Rose plays integral role in No. 15 Marquette volleyball’s success

Rose+plays+integral+role+in+No.+15+Marquette+volleyball%27s+success

Photo by Andrew Himmelberg

Sophomore setter Sarah Rose knew head coach Ryan Theis and his coaching staff long before she ever stepped foot in the Al McGuire Center.

Theis recruited Rose’s older sister, Caroline, several years ago while at Ohio University. But Caroline chose Western Michigan University over the Bobcats.

Now that Rose has been in a Marquette uniform for two seasons, she has provided Theis a versatile option in the back line.

When Theis first recruited the younger Rose sister, he was looking for a setter that could also play defensive specialist. The American Volleyball Coaches Association All-American nominee fit the bill.

“We were looking for that kind of special person and Sarah fit,” Theis said.

Rose led her team to a 2016 regional championship and sectional semifinal. She tallied 2,605 assists and 865 digs in her high school career at York Community High School in Elmhurst, Illinois.

Her versatility was on display Oct. 27 during the Golden Eagles’ sweep over Providence when senior Anna Haak was injured. She finished the set second on the team in digs.

As a setter, Theis said Rose puts hitters in good positions and is an efficient defender. She averages 1.56 digs per set.

“If people hit it back there, there’s a good chance she’s going to dig it,” Theis said. “She’s a really calming presence, which is helpful for hitters as well.”

Rose has not always been very confident. As a freshman in 2017, Rose had 33 digs, or 0.73 digs per set. This season, she has quadrupled those stats.

Assistant coach R.J. Lengerich said Rose has had to work on her defensive game over the past two years, and that is one aspect of her game that is at a higher level than ever before in her career.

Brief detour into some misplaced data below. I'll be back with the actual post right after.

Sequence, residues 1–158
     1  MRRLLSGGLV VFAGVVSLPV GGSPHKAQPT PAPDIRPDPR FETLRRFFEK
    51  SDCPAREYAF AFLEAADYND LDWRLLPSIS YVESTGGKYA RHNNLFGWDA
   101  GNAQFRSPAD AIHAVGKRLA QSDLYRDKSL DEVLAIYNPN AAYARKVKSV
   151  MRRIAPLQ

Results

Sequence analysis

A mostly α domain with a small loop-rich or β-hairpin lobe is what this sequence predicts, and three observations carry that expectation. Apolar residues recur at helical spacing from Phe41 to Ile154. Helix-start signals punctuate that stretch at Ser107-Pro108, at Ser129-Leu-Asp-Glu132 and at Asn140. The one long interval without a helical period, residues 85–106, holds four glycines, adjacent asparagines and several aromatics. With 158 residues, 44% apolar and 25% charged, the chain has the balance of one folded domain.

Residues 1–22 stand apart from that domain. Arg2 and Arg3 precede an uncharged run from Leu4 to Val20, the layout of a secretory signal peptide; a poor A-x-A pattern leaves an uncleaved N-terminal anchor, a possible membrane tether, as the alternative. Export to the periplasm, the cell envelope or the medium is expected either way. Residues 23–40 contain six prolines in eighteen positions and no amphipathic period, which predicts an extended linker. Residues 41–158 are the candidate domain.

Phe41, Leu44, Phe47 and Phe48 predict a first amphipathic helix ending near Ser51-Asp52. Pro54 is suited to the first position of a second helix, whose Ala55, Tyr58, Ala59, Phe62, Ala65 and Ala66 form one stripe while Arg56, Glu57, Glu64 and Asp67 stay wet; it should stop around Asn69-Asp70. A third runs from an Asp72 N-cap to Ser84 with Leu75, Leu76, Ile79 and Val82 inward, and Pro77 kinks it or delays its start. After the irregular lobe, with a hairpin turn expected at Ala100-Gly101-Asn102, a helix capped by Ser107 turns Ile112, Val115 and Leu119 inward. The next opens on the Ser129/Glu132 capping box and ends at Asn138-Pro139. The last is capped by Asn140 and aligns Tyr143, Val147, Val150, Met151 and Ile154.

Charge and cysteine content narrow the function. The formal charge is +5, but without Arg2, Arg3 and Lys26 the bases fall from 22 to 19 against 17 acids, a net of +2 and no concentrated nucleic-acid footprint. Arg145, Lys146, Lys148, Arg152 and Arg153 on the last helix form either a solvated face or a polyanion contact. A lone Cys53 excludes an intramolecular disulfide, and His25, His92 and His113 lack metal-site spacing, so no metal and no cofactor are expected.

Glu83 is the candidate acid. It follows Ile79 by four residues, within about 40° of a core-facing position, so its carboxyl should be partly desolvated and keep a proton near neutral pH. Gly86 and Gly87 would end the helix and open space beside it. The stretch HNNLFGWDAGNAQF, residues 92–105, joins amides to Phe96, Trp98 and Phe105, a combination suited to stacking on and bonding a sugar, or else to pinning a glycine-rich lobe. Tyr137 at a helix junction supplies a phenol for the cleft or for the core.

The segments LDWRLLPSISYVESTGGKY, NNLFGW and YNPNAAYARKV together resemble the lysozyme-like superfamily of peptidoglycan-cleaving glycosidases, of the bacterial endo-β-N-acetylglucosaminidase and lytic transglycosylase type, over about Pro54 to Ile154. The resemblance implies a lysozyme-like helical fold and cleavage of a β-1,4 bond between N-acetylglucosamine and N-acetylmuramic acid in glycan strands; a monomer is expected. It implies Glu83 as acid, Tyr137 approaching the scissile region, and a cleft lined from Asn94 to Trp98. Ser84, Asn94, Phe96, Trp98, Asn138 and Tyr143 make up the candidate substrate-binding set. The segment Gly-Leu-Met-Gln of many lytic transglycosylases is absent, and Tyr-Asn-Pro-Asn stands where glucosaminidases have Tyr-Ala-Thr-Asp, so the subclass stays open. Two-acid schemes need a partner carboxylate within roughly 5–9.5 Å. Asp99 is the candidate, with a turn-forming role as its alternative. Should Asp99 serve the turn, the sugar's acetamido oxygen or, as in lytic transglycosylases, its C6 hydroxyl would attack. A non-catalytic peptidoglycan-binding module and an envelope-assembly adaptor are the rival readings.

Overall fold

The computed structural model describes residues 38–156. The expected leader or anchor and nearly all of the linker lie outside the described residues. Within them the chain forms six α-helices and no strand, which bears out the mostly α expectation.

“The biggest improvement she’s made is her defensive game. I’m just seeing her dig balls that she just didn’t dig in the past because of fast hands,” Lengerich said. “Not only has she gotten better because of things she’s done in practice, but because of the extra work she’s put in on top of that.”

“Recently, defense has been a lot different for me,” Rose said. “Being more disciplined on defense is a huge change I’ve made.”

However, her trademark on the court has been a serve coaches call the “Sarah Rose.” This occurs whenever she serves the ball extremely short, catches her opponent off-guard and records an ace.

“Her serving game has become outstanding. She is one of the best point scorers on our team,” Lengerich said. “She’s become one of the more feared servers in the league and on our team.”

Rose has gone from three aces in 2017 to recording 28 of the team’s 175 aces this season. She is tied for third place on the team for most service aces with fellow sophomore Martha Konovodoff.

Her short saves have helped the Golden Eagles rank fourth nationally with 1.79 aces per set.

“What she brings to the team is a lot of confidence,” Lengerich said. “She’s not easily rattled. She understands where to move on the court.”

The 5-foot-7 setter went from only playing 45 sets out of 116 last season to playing in every set this season. Rose is second on the team with 505 assists.

“When she’s in as a setter, she’s just really distributing smart sets that’s allowing our offense to be … top five in the country in most statistics,” Lengerich said. “None of that happens without the person handling the second ball.”

Marquette did not accomplish Rose’s goal of winning a BIG EAST Championship. Instead, the Golden Eagles received a No. 14 overall seed in the NCAA Tournament.

“It’s a huge responsibility but it’s also a great thing to be a part of,” Rose said. “(The hitters) help make me seem like a better player, but sometimes I wouldn’t be able to set if the defense couldn’t get the ball up, and no one would get kills if I didn’t have my hitters. … I’m super lucky to be a part of this team.”

Theis and Lengerich said they have high expectations for Rose for the remainder of the 2018-’19 season.

“She works with Meghan (Keck) as her setting coach quite a bit. When they watch film, they’re looking at what percentage of sets were good sets, what percentage of sets were killable balls, where our hitters are in good situations to score,” Theis said. “We’d love nine out of 10 balls out of her hands to be somewhere where a hitter can kill it.”

Rose’s impact spans far greater than just the volleyball court.

“I enjoy being on the road with her and joking around with her and seeing her development as a player,” Lengerich said. “In general (she’s) a really cool person and fun person to hang out with, great family and really down to earth.”

Rose said she never expected she would play volleyball at Marquette, but now she’s an essential player suiting up for one of the most elite programs in the nation.

“I definitely did not expect (Marquette) to be my first choice,” Rose said. “As soon as I came on campus, I fell in love. … When I got here, I had that feeling that this is where I belong.”